- - Thursday, November 24, 2011


Government takes first count of civilian war deaths

COLOMBO | Sri Lanka said Thursday that it was counting on its own how many civilians were slain at the end of its bloody civil war to counter claims that tens of thousands were killed and fend off international calls for a war-crimes probe.

Defense Secretary Gotabhaya Rajapaksa also acknowledged for the first time that soldiers may have committed unspecified “crimes.” He promised to investigate and punish them.

Both the count of the killed and the admission of misconduct are a major shift for a government that had sworn its soldiers were beyond reproach and had insisted for more than two years that not a single civilian was killed by its forces during the final stages of the war.

Mr. Rajapaksa’s speech to a conference on postwar ethnic reconciliation is the government’s latest attempt to show it is taking action on its own and blunt the calls for outside investigations into the war against the Tamil Tiger rebels.

Mr. Rajapaksa said the census department’s count, which is near completion and will be released soon, shows a very small number of civilians died because of military action.

He said people who died due to natural causes or accidents, as well as those who fled the country illegally, died fighting for the rebels or were killed by the rebels, also were counted in order to reconcile the number of people unaccounted for.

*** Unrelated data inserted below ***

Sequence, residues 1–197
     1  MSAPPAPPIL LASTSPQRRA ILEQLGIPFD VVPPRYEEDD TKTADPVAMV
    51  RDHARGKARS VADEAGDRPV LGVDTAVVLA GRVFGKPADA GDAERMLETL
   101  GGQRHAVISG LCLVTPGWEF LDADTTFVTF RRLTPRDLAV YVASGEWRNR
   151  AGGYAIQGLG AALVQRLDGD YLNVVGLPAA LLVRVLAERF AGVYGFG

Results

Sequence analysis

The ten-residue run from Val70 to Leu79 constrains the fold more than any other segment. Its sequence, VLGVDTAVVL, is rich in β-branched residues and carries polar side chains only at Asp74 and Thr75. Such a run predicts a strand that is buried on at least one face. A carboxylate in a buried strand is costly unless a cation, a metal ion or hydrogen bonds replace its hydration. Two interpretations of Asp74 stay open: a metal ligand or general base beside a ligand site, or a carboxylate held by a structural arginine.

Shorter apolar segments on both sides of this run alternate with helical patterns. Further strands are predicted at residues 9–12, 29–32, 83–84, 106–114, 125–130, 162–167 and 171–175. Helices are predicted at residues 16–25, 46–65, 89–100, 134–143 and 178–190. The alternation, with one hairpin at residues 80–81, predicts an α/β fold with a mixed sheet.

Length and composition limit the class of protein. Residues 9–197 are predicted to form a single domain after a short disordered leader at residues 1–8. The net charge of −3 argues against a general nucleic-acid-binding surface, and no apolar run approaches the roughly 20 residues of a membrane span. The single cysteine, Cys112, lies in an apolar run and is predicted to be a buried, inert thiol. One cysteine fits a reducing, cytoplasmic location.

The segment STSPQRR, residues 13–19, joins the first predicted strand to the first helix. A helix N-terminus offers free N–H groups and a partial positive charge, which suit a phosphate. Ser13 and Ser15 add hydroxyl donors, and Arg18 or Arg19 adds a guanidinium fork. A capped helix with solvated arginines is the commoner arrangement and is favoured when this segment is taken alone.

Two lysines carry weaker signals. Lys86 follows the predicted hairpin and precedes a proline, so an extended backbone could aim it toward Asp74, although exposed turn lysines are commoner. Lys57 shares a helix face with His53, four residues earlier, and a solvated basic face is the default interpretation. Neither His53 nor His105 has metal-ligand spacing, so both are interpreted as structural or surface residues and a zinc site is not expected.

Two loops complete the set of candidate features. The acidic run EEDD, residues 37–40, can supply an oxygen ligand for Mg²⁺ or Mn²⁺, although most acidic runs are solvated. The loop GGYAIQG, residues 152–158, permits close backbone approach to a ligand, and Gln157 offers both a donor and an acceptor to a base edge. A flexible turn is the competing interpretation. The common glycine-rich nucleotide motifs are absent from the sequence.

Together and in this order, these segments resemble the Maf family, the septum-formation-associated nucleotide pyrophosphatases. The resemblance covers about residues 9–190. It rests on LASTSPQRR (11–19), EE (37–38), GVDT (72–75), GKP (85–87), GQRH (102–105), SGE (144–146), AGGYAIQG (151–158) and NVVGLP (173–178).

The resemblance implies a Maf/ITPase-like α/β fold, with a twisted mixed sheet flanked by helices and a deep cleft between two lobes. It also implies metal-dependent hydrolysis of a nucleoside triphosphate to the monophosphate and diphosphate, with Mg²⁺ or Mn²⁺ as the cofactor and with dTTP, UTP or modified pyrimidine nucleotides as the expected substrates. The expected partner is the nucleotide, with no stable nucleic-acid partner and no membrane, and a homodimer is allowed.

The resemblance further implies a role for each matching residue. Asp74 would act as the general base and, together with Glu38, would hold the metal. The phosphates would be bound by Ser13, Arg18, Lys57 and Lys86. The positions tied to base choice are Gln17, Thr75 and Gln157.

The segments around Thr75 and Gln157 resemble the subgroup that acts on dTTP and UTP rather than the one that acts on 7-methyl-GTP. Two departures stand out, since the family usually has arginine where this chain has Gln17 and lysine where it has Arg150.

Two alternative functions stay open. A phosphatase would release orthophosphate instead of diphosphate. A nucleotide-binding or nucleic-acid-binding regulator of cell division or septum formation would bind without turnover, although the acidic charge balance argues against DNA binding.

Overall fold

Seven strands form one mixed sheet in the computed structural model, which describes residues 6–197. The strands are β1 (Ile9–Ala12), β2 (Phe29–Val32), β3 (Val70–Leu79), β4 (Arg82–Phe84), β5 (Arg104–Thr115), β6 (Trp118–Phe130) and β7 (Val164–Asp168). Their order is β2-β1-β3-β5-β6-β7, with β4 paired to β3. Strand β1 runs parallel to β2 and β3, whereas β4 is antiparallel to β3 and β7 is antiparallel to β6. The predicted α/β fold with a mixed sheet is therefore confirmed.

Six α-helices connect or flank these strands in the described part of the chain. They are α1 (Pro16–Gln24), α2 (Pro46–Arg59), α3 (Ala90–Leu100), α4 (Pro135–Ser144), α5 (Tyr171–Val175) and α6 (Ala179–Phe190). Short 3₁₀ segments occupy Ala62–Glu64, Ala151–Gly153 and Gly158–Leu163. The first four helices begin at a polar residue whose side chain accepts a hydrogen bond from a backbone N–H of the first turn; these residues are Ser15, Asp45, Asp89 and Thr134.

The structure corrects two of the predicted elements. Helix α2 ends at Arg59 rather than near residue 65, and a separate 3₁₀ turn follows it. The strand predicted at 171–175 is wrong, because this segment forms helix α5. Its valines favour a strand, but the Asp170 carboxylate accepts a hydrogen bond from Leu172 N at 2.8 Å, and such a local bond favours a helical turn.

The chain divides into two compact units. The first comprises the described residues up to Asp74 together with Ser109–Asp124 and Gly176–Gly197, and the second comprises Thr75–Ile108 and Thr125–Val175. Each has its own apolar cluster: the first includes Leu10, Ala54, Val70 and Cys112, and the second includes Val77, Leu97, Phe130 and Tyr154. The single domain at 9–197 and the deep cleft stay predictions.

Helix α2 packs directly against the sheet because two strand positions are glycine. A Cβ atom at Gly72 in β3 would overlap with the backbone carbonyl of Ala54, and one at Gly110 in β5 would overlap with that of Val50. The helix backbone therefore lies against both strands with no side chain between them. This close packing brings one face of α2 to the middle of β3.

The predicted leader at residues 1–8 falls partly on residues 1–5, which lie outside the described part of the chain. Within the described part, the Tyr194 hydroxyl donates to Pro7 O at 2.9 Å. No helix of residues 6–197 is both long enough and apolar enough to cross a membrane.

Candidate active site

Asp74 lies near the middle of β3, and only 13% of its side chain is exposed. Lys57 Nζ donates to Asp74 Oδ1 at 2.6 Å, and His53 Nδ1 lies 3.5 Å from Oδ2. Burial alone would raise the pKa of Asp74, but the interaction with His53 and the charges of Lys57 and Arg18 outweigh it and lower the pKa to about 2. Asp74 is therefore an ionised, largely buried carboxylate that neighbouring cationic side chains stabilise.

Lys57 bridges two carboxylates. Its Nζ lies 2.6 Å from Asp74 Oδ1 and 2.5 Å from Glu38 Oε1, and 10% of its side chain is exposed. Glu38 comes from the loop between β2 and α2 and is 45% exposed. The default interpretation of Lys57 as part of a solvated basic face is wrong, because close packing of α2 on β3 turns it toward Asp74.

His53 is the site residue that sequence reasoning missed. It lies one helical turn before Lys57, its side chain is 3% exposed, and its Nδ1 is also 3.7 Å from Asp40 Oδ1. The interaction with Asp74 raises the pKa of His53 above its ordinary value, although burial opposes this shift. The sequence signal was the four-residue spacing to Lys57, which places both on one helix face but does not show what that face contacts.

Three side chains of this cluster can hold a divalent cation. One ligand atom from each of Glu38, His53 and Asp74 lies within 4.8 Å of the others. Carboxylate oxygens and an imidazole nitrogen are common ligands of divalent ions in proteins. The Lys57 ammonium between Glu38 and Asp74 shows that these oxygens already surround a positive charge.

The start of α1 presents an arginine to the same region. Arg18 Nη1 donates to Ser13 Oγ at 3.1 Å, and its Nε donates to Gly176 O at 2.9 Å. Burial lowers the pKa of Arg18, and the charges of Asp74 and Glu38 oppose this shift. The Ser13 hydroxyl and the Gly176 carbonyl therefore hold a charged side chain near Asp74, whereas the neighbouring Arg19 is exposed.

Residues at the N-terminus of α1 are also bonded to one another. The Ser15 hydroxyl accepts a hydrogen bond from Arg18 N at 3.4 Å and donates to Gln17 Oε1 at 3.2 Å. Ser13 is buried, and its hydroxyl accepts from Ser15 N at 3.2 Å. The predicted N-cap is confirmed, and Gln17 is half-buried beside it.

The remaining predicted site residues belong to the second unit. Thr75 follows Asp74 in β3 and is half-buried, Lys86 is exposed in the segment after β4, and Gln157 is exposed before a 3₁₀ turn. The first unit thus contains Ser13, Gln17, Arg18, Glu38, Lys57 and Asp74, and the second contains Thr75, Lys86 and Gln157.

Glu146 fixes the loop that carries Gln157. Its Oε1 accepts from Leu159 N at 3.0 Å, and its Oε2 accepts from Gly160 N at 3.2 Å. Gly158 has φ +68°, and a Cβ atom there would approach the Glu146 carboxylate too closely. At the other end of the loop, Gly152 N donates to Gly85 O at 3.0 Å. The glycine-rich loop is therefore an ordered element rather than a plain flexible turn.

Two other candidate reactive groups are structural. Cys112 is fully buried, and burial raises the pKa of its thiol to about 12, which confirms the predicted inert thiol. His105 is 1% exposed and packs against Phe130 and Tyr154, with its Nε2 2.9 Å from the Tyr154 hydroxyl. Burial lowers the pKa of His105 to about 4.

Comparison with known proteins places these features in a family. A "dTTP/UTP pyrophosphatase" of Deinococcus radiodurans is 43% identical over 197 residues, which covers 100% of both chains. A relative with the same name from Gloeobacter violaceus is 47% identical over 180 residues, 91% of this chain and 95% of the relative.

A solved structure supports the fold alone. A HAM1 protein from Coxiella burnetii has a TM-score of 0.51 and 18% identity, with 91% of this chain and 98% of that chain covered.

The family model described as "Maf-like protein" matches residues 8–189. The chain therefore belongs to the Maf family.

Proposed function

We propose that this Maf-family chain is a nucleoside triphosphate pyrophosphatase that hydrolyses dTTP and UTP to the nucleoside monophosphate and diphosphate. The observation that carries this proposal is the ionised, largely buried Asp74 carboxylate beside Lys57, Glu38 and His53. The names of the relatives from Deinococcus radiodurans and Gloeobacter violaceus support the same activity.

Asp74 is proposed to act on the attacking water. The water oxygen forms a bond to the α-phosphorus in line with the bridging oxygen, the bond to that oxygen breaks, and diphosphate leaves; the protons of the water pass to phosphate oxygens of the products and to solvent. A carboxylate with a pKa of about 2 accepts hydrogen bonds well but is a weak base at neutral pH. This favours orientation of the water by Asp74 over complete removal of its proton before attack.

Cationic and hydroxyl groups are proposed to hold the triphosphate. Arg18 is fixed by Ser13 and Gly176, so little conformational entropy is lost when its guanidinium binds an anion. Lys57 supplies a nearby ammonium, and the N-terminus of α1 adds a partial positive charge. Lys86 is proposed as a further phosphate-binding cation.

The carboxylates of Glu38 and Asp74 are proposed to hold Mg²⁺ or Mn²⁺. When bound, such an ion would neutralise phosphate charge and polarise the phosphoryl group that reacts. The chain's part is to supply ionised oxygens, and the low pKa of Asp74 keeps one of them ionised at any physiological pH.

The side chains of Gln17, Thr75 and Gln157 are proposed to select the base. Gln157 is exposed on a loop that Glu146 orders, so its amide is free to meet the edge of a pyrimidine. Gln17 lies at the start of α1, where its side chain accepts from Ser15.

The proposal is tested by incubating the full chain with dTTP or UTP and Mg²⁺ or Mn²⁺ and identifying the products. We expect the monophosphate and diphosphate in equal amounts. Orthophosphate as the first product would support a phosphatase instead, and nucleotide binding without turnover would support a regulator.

A U.N. report released in April said tens of thousands of civilians may have been killed in the last months of the decades-long war that a final government offensive ended in May 2009.


Karzai charges NATO with killing seven civilians

KABUL | Afghan President Hamid Karzai on Thursday accused NATO-led forces of killing seven civilians, most of them children, in an airstrike in the southern province of Kandahar.

“Initial reports as stated by the district sub-governor indicate that an airstrike carried out by the international forces in Siacha village in Zhari district killed seven persons, including six children and injured another two young girls,” a statement from the presidential palace said.

“President Karzai was saddened when he heard the news and designated a team to fully investigate the incident.”

The governor of Zhari district, Niaz Mohammad Sarhadi, contacted by Agence France-Presse, said the strike was aimed at Taliban fighters planting roadside mines in the area but missed its target and hit residential areas nearby.

Story Continues →